We must take into account that destructive processes underwent by people living in zones of sacrifice lead to self-destruction of the social tissue through various forms of individual, social, transnational and State violence (Ciudad Juárez in México, Alberta in Canada, the communities surviving at the shores of Lake Victoria in Tanzania[12], the Gaza Strip) but also in epidemics of self-destruction as suicide and mass murders followed by suicide[13]. These processes also need to be urgently politicized within the context of the global threat to life and forms of life by the neoliberal siege on sustainability and reproduction. At the same time, the flow of resources that is transported to international markets: from oil and gas fields, refineries, lumber mills, mining operations, hydroelectric facilities located on the dispossessed lands of indigenous nations, needs to be defied and disrupted.

Bearing this in mind, the challenges that current environmental mutations are posing do not only compel us to make ourselves responsible for concrete ecological phenomena like deforestation, infrastructure megaprojects, mineral extraction, fossil fuel burning, shale gas extraction, etc., but we need to begin to underscore the Western bases of modernity and modernism: the logics of technological progress as emancipation inherent to Modern narratives, the promise of happiness behind consumption premised on the domination of nature and society through technical reason that has led to the apparatus of “development.” This latter as a paradigm needs to be rejected and understood as self-destructing, as it has become obvious that it continues to destroy people and nature. More than anti-capitalism, which embodies the dialectic of leftist common sense, condemning capitalism without imagining anything else, what are urgently needed are new forms of collective autonomous organization. Aware of the role culture plays in producing surplus value insofar as capitalism produces cultural worlds, appropriates the language of subcultures, of activism, of communities and community recuperation as it gets intermingled with the cultural industries, what is needed is to decolonize institutions –as Deleuze once said, we cannot exist as societies without them –[14] and to autonomously organize life in common against neoliberal forms of social engineering.

The long-term outcome of recent experiments in indigenous autonomy and resurgence (mostly disconnected from each other as well as struggles to protect the commons), and how “modernized” populations could begin to decolonize their lives and forms of living to counter the challenges posed by the Anthropocene remains uncertain. Some instances have been successful, others not, and others merely symbolic. An instance from an urban area is the express take over of the Santa Fe Mall in Mexico City on November 20, 2017 when a group of about 4000 precarious workers, representatives of displaced students, activists, cultural producers, as well as people from San Mateo Tlaltenango, Santa Rosa Xochiac, San Bartolo Ameyalco, San Bernabé, San Lorenzo Acopilco, La Magdalena, amongst other communities and towns, took over the Santa Fe Mall in the business district of the same name located in the Western part of Mexico City. With the complicity of personnel working for the security company sub-contracted by the mall’s administration, the invaders were able to break into the facility at around 1:00 AM. The action was inspired by the 2001 Mayday Parade takeover of the Metropoli di Novate Mall in Milano, and by the rolezinhos, in São Paulo and Rio de Janeiro in 2014. In the rolezinhos (or “little strolls”) teenagers from the urban periphery used social media to organize excursions in malls. In these non-politicized actions, the teenagers sought to have fun and meet people. Causing terror amongst the shop owners, mall administrators and upper-class frequenters of these spaces, the sudden appearance of hundreds of people of color in shopping malls in Brazil immediately brought to the table the issues of public space and entitlement, life in the periphery and privilege.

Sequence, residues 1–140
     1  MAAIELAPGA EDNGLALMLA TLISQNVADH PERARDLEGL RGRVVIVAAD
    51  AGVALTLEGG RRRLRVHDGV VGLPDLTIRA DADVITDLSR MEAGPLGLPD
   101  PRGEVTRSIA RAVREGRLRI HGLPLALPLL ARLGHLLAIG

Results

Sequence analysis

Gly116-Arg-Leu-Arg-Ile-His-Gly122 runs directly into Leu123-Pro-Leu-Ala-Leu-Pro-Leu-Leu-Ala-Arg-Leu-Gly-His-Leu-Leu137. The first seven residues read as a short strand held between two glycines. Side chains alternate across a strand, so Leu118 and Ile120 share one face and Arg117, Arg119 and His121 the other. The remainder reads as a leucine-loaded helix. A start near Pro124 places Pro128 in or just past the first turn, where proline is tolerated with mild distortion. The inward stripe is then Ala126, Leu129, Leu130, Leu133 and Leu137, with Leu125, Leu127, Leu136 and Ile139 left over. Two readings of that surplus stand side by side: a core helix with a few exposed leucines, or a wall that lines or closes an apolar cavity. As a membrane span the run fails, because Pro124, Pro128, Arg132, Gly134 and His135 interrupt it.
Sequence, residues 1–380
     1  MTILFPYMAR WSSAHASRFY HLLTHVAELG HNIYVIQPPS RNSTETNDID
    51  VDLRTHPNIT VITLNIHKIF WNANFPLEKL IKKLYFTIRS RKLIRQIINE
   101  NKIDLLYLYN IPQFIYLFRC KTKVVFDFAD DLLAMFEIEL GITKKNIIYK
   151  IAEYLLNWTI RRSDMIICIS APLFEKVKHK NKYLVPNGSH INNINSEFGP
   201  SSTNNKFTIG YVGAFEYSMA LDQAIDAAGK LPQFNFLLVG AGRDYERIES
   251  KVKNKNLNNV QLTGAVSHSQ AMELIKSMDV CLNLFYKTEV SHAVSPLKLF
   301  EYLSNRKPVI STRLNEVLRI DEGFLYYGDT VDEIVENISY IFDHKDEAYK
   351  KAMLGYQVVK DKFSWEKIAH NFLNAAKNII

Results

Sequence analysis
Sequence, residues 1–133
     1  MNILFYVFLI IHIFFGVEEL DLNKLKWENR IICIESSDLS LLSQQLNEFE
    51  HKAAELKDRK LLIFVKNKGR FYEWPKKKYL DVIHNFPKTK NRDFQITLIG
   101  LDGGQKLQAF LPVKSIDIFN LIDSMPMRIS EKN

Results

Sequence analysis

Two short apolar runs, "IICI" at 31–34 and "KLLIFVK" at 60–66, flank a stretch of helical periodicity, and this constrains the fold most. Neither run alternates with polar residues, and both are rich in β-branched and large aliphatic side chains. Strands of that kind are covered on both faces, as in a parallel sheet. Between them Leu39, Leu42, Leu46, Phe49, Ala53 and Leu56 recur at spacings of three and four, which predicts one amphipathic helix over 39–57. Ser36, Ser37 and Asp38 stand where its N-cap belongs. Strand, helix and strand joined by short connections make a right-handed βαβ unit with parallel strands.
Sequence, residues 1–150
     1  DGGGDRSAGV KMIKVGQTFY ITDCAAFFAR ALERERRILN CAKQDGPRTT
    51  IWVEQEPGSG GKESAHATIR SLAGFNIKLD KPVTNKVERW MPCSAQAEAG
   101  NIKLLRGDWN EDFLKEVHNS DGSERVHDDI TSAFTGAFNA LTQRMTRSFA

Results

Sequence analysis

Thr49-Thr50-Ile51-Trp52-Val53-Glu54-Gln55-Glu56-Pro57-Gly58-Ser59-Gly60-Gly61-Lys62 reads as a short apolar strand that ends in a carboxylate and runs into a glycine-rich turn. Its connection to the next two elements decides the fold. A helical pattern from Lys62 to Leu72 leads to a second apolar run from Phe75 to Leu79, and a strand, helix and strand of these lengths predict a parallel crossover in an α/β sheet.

Along the same lines as the mall take over in Milano and the rolezinhos, the group that broke into the Santa Fe Mall did not only seek to bring visibility to the precarization of labor, economic crisis, massive dispossession and displacement of campesinos and inhabitants of urban peripheries. The action also shed light to asymmetrical access to goods, infrastructure and services, the devastation of forms of life and ways of making a living within neoliberal policies, and lack of working-class housing throughout Mexico City. At the same time, the group wanted to put alternatives to the current corporate-capitalist system on the table, while highlighting the fact that autonomy for the rich is supported by the state (the Santa Fe ZEDEC is a de facto self-governed legal territorial figure since 1994), while autonomy for the poor is systematically repressed. In an exercise of translation of Zapatista autonomy exercises to peripheral urban areas, they outlined their struggle as one for human rights, justice and dignity, communal economies, education for autonomy, food sovereignty, indigenous and community communication all based on horizontality, solidarity, self-management, voluntary work, and consensus. They also sought to represent localized struggles against the government and national and transnational corporations and their megaprojects by putting to the forefront the defense of the land in San Mateo Tlaltenango and of the water in San Bartolo Ameyalco.